As the semester comes to an end and I am tasked with various new projects and wrapping up others, as I move forward another one of the projects I will be working on will that be related to helping track Big Timber money.
As previously stated in another post, it has been reported that the Timber industry is the number one emitter of greenhouse gases in the state of Oregon. This is in slight opposition with the assumption that Oregon is a green state both literally and metaphorically. The Pacific Northwest is well known for its lush, dense and evergreen forests which give locals and various tourists the opportunity to take hikes to areas that aren’t impacted by heavy industrialisation.
Furthermore, these trails are immersed in the hills, valleys, creeks and lakes of the state, and not only allow people to hike but are also designated shooting areas and places where timber is harvested.
The presence of forests has benefits for both the human and nonhuman worlds. Moreover, as a carbon-neutral economy is being crafted through various policies, they are also seen as one of the many possible a carbon sinks for the world. Thus, the potential for forests of the northwest is immense when related to how they can be used in adapting to global warming and climate change. However, to further complicate this matter one must also consider that not all carbon is created equal. The opportunity for carbon sinks in old growth forests is greater than that of newer monocrop ones that are reforested as part of timber practices. Additionally, the potential for carbon storage rests on the age of the forest and thus newer ones will only be helpful after 100 years.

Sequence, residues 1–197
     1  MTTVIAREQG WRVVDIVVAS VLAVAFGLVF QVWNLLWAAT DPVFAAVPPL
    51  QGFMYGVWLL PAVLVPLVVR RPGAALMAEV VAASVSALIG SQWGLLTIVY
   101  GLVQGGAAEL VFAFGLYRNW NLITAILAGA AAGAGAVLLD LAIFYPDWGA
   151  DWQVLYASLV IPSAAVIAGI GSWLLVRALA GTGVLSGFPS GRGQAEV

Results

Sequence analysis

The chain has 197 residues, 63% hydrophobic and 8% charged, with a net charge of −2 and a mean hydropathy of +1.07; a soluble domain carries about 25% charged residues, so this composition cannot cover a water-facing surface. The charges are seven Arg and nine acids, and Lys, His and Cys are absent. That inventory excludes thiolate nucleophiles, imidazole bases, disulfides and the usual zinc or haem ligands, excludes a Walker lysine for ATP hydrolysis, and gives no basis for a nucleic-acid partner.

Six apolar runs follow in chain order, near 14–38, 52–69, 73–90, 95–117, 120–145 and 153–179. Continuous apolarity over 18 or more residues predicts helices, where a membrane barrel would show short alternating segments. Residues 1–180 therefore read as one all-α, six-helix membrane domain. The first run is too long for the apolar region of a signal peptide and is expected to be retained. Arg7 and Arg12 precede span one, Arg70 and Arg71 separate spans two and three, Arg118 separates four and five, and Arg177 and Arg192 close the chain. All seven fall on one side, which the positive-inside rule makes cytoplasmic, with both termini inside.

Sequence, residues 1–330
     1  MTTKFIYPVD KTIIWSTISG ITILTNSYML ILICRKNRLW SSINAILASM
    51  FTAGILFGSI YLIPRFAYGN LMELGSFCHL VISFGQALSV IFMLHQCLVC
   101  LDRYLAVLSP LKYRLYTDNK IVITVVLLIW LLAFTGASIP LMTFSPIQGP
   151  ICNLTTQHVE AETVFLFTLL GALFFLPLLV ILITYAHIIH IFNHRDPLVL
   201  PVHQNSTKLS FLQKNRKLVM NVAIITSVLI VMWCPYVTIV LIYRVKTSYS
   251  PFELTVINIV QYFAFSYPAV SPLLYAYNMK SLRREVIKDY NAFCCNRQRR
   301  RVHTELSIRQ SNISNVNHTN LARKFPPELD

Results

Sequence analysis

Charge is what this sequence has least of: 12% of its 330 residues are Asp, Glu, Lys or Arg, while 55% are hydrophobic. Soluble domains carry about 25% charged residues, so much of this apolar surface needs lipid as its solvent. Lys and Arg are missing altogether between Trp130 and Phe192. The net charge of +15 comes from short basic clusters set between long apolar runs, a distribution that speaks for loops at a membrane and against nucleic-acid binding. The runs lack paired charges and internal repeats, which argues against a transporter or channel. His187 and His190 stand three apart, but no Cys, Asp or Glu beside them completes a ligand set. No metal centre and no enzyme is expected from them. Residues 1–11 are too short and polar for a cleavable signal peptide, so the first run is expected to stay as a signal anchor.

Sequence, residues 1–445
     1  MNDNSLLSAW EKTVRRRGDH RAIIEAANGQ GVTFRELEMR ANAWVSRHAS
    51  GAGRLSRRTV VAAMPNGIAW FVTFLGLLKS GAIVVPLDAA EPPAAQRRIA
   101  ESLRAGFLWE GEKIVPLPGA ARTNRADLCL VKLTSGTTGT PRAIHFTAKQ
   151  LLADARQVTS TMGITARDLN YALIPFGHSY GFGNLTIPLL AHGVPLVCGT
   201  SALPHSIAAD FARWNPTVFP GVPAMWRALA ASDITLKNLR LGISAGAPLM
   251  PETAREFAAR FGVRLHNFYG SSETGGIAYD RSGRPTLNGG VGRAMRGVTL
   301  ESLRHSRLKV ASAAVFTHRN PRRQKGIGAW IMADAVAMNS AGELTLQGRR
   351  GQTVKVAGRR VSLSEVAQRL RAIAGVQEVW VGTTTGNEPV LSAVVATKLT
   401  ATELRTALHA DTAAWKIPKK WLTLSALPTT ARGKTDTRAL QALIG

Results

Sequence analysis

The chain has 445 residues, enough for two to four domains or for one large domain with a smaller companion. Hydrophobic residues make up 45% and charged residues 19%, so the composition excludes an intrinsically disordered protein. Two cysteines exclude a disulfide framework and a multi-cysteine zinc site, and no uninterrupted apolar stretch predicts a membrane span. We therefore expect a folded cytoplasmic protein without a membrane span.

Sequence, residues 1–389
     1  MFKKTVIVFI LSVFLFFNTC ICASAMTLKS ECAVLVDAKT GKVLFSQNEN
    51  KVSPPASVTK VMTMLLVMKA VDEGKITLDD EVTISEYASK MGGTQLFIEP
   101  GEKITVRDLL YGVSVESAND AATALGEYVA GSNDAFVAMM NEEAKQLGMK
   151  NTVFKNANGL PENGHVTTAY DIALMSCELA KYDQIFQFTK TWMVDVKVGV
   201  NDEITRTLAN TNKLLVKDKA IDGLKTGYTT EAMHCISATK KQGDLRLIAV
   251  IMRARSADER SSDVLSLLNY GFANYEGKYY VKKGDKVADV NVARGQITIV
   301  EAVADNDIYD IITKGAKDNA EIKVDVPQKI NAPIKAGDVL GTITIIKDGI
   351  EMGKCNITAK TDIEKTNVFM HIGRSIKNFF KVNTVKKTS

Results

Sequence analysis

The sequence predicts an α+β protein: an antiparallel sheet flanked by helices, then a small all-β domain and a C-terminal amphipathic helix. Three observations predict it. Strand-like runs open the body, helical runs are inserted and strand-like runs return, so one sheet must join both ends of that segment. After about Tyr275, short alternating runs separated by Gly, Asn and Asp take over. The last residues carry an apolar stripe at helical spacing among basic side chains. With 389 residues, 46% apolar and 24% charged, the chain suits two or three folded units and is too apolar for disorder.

And so as the management of the forests of the Pacific Northwest changes in lieu with the demands of environmental policies, one must also consider the ways in which the forests are to be maintained as current fire suppression practices put the forests and their surrounding areas at great risk in the event of a fire, such as that in Eagle Creek. Furthermore, the Eagle Creek fire of 2017 was exasperated by many other factors notably that of keeping the forests of Oregon dense and lush, which greatly contrasts with their natural state of health as 100 years ago, they were less dense and with more defined layers.
Thus in the fight for protecting forests, one must also consider the ways in which they are to be managed and whether or not they will be restored to their previous state- which would allow some type of logging, or if they are to be managed as they are and recreated completely.